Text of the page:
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Nice! I can’t believe I completely forgot about ‘arum in Bereishis. –  J. C. Salomon Oct 24 '12 at 1:41
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Are not the names of most of Jacob's sons technically puns?

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What brothers? Any evidence their names were intended as puns? –  msh210 Feb 26 at 18:33
    
How about Reuben? רָאָה יְהֹוָה בְּעָנְיִי so I'm going to call him רָאָבְּנְ. Its the same sort of pun as "who's that making noise under those leaves? It's Russel! –  Clint Eastwood Feb 26 at 18:38
    
@Clint In your example about Russell there is no Russell; it's a joke. –  Double AA Feb 26 at 21:26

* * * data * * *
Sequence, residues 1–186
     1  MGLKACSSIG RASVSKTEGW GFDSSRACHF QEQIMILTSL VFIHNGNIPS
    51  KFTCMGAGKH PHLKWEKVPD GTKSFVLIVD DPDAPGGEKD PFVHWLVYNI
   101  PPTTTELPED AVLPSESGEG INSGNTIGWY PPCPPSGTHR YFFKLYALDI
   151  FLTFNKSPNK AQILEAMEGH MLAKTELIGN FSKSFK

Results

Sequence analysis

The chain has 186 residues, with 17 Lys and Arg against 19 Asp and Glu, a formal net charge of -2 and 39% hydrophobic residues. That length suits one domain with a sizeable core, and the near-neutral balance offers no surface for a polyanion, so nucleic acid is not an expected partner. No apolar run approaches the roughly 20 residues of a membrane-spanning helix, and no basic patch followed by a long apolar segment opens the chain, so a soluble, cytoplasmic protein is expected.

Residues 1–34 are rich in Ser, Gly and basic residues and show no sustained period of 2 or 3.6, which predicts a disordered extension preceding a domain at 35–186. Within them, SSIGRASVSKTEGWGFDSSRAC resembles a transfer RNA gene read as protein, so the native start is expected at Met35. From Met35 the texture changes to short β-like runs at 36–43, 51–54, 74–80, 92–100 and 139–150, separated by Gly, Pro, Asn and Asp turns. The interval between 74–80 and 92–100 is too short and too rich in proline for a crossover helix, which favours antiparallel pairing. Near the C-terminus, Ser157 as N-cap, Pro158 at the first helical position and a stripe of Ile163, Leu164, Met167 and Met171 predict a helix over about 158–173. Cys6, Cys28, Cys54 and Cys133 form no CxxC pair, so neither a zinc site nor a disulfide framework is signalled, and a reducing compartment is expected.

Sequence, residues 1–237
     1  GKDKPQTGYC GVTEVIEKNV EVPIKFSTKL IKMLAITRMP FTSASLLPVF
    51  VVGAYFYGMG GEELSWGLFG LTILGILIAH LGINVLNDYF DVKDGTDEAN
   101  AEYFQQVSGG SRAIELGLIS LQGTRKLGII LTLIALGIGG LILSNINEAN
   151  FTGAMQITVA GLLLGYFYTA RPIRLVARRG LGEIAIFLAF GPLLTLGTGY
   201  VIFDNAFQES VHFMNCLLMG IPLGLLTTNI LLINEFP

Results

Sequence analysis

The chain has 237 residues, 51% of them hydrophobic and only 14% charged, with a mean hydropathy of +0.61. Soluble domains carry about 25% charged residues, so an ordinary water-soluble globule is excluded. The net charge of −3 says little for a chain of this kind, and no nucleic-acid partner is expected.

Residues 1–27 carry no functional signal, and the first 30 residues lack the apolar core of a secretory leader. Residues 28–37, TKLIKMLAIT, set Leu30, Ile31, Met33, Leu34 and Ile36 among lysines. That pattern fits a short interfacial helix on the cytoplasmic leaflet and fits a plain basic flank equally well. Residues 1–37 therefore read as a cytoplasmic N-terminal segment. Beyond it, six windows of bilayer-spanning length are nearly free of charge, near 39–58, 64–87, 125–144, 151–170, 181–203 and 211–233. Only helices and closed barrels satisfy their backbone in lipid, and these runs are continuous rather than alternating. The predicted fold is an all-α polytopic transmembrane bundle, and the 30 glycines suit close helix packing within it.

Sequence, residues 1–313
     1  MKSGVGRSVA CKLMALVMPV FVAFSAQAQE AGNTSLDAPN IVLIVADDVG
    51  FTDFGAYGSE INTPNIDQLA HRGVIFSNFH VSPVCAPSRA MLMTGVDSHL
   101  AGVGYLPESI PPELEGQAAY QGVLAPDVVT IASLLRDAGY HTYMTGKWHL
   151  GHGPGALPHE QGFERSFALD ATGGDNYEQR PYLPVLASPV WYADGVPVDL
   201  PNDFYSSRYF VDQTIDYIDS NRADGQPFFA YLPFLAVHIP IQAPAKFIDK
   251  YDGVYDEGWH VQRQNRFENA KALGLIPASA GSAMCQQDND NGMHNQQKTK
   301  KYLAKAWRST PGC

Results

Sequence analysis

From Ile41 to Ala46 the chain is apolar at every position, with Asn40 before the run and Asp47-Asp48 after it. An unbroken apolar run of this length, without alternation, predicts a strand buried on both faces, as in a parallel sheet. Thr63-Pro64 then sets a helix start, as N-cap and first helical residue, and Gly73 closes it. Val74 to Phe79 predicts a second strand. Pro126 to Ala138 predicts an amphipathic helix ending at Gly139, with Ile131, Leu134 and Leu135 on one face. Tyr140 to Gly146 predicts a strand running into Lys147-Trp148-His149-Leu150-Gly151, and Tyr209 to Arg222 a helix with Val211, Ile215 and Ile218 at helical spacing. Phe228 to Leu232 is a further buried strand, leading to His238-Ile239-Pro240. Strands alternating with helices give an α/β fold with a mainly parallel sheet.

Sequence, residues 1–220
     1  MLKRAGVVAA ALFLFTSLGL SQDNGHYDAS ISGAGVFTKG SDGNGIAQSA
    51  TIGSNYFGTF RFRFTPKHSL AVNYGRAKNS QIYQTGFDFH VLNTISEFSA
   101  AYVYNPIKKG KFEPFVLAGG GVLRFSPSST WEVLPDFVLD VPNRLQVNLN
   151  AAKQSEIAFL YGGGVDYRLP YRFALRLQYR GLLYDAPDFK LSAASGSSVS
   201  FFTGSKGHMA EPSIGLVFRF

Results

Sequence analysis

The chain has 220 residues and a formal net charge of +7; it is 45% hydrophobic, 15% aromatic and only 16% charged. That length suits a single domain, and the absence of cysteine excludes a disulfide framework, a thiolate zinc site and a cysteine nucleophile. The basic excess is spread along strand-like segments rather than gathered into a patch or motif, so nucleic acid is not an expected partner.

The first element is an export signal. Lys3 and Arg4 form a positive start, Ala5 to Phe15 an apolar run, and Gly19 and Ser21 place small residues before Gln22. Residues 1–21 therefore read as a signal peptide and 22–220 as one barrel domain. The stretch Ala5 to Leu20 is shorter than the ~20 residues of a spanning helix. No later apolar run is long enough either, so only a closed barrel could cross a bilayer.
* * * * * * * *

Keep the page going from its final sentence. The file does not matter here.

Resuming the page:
That sort of wordplay joke is known as a pun. –  Clint Eastwood Feb 26 at 21:42
    
@ClintEastwood Right. The case in your answer isn't a joke. How could it be a pun? –  Double AA Feb 26 at 22:37
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Ex 13:14 ויהי בשלח פרעה את העם ולא נחם אלהים דרך ארץ פלשתים כי קרוב הוא כי אמר אלהים פן ינחם העם בראתם מלחמה ושבו מצרימה

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Any evidence this was intended as a pun? –  msh210 Feb 26 at 18:35
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I'm wondering if אברהם gave 7 sheep to אבימלך as witness that the wells belong to אברהם (Breishis 21:30), and then אברהם and אבימלך swore their treaty, and באר שבע is named because of the swearing (שבועה). I wonder if אברהם picked 7 animals because the word שבע with a סגול sounds like שבע with a פתח, and it's just a play on words.

Also ובן משק ביתי הוא דמשק אליעזר (Breishis 15:2). Depending on how you translate the words בן משק and דמשק, if they aren't related on a pshat level, but are put together because they sound similar, that may be a play on words.